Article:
As we prepare for the first Grand Slam of the year, here is the first in a reprise of an idea introduced in 2009, taking a look back at some of the matches that made the headlines at the Australian Open.
It was a David and Goliath final.
It put a man who had already topped the world rankings for more than 100 weeks against a man who had only broken into the top 100 in the last year.
It pitched a man who had won each of the six Grand Slam finals he had already played against an unseeded entrant.
It was a face-off between a man with a 51-match winning streak on hard courts against a man he had beaten in all three of their previous meetings—and one of those defeats was at exactly the same tournament the year before.
The Goliath—a not entirely apposite description for this slight, youthful, 24-year-old figure—was Roger Federer.
The David—also slight, only fractionally shorter, and just 20 years old—was Marcos Baghdatis.
To add just a little piquancy to the encounter, Australia’s greatest champion—and winner of two calendar Grand Slams—had chosen this year to return, after a long absence, to the arena they had named after him: Rod Laver.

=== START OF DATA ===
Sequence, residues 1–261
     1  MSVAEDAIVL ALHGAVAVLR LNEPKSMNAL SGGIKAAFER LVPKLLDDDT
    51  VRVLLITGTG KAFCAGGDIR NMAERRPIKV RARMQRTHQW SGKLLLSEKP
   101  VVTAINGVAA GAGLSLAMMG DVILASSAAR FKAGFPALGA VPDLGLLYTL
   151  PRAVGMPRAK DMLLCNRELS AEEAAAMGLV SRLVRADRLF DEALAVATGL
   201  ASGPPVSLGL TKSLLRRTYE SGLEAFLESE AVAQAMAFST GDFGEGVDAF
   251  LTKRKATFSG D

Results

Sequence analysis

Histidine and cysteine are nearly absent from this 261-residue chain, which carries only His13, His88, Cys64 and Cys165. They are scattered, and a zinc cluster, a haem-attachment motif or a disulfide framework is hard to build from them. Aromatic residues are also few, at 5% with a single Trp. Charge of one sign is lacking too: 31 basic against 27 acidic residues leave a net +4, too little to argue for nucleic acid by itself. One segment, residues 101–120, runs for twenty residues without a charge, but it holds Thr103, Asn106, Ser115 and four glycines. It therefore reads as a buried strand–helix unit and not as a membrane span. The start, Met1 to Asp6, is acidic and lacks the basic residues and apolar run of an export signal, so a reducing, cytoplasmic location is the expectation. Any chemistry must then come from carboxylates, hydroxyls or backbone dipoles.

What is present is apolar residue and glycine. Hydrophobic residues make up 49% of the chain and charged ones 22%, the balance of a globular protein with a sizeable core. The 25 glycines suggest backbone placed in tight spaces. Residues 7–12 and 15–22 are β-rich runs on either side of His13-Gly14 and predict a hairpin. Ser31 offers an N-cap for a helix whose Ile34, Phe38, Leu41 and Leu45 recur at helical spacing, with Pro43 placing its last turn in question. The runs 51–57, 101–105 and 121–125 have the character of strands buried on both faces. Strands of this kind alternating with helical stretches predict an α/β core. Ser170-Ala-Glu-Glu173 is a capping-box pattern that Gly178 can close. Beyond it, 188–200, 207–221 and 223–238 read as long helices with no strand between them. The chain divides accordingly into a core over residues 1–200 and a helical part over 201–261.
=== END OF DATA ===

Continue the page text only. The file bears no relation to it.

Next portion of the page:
Federer had lost only four matches in the previous year, and held the Wimbledon and the U.S. Open titles. If he could win back the Australian title that he had forfeited the year before to a scintillating Marat Safin, he would need only the French to claim his own complete set of Slams.
Laver’s cup overran with enthusiasm for the two players. He described both Federer and Baghdatis as “a breathe of fresh air.”
The crowds, too, were electrified by the flowing, charismatic tennis that both men brought to the court. The Australians are the most ebullient and extrovert supporters of tennis and make the most of their short January window of live tennis on their home ground to express their passion.
But it was not simply the “champion versus the underdog” scenario that caught the crowd’s imagination. There were contrasts aplenty.
One was a tennis player already in full flower, while the other was bursting into bloom before their eyes.
One had an air of calm, serene introspection, while the other wore his heart on his sleeve, beaming the broadest smile at every opportunity.
One was already being touted as the inheritor of the Sampras mantle, while the other had yet to prove he had earned his place in the Grand Slam spotlight.
But they had a few things in common, too, particularly on that day they walked into the Rod Laver Arena.
The Federer ponytail of old, cropped into the now-familiar curls, was sported by Bahgdatis.
They both wore bandannas, both wore white, round-necked, loose tee shirts, and both wore black shorts. But while Federer sported peppermint green across his forehead and shoulders, Baghdatis chose flame orange.